Reconstruction of ancestral character states

Following the recommendations of Cusimano et al. (2012), haploid ‘n’ instead of basic ‘x’ chromosome numbers were used to reconstruct ancestral chromosome numbers. Analyses were run in ChromEvol v. 1.3 (http://www.zoology.ubc.ca/prog/chromEvol.html) (Mayrose et al., 2010), using BI and maximum likelihood (ML) approaches. This software implements eight models of chromosome number changes, with a probabilistic estimation of the number of evolutionary events taking place along the branches, including the following parameter rates: polyploidization (ρ), demi-polyploidization (μ) and dysploidization (chromosome gains (λ) and losses (δ)). These models were fitted to our data, each with 10 000 simulations. The maximum number of chromosomes was set to 10 × higher than the highest number found in the empirical data, the minimum was set to 1 and the tree was re-scaled with the ‘branchMul’ parameter set to 0.01. Haploid chromosome numbers used for inferences were based on previous published reports and our new counts (see Tables 1, S1).

Before conducting statistical inference of ancestral GS reconstruction, we considered the potential effect of polyploidy (i.e. whether to use 1C or 1Cx values sensu Greilhuber et al., 2005). We calculated 1Cx values and used them for ancestral reconstruction with the proviso that our primary goal was to provide a general overview of the dynamics of GS at the family level. Given the admixture distribution (i.e. mixture of different populations) of GS values in our data (see Fig. S1a), we tested several transformations, trying to obtain a normal distribution of GS. However, none was successful so we could not use the generalized least squares (GLS) model in a Bayesian framework as has previously been used to reconstruct ancestral GS and evaluate rates of parameter evolution (e.g. Bayes Traits; Pagel, 1999). Instead, we used unordered maximum parsimony (MP) as implemented for continuous characters with Mesquite v.2.73 software (Maddison & Maddison, 2010). Character history was also reconstructed on the 50% consensus tree using ML under the Mk1 model and under MP using Mesquite v.2.73, after coding of continuous data (1Cx values) into discrete categories (because continuous data cannot be analyzed under ML in Mesquite).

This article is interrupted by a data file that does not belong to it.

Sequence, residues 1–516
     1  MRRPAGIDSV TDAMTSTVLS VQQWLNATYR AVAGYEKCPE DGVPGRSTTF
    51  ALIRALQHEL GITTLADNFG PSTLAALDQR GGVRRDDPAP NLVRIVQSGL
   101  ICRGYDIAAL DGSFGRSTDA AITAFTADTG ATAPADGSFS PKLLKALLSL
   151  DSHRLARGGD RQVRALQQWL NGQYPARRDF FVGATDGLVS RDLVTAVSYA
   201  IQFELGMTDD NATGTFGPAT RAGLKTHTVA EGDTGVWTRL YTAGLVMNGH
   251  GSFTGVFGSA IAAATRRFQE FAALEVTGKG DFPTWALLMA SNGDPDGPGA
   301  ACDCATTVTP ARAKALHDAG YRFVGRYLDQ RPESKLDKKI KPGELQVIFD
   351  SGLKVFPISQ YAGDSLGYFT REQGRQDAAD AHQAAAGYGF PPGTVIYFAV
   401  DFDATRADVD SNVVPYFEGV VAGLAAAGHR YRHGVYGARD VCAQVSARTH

Statistical analyses

GS comparisons between specific lineages were performed with Statgraphics Plus v.5.1 (Statistical Graphics Corp., Warrenton, VA, USA). The normality of the data distributions was tested with the Kolgomorov–Smirnov test and the homogeneity of variances with Levene's test. The significance of differences in GS between selected groups was determined using the nonparametric Kruskall–Wallis test.

Results

Evolutionary relationships in Melanthiaceae

The single partition Bayesian analysis yielded a well-resolved phylogenetic tree for the family supporting its monophyly and the segregation into five strongly supported tribes (Fig. 1c), although some relationships at the species level lacked significant support. As in Zomlefer et al. (2001), tribe Melanthieae is resolved as sister to the remaining four tribes of the family (Fig. 1c, clade 2). Tribes Chionographideae and Heloniadeae (Fig. 1c, clades 3 and 4), both with Arcto-Tertiary disjuncts, are closely related and sister to the lineage comprising tribes Xerophylleae and Parideae (Fig. 1c, clades 5 and 6). The well-supported phylogenetic relationship between Xerophylleae and Parideae has been previously reported, and the addition of the matK gene to a reduced data set confirmed the sister position of Pseudotrillium rivale to the remaining representatives of Parideae and improved resolution of some of the internal nodes in Parideae and Heloniadeae (Fig. 2).

Figure 2.

Fifty per cent majority-rule consensus tree from Bayesian inference based on the combined trnL-trnF and matK data sets focusing on tribe Parideae. Nuclear DNA contents for each species (1C) were mapped along the tree, and ancestral state reconstruction was conducted under maximum parsimony (MP) using 1Cx values. Ps, Pseudotrillium; K, Kinugasa.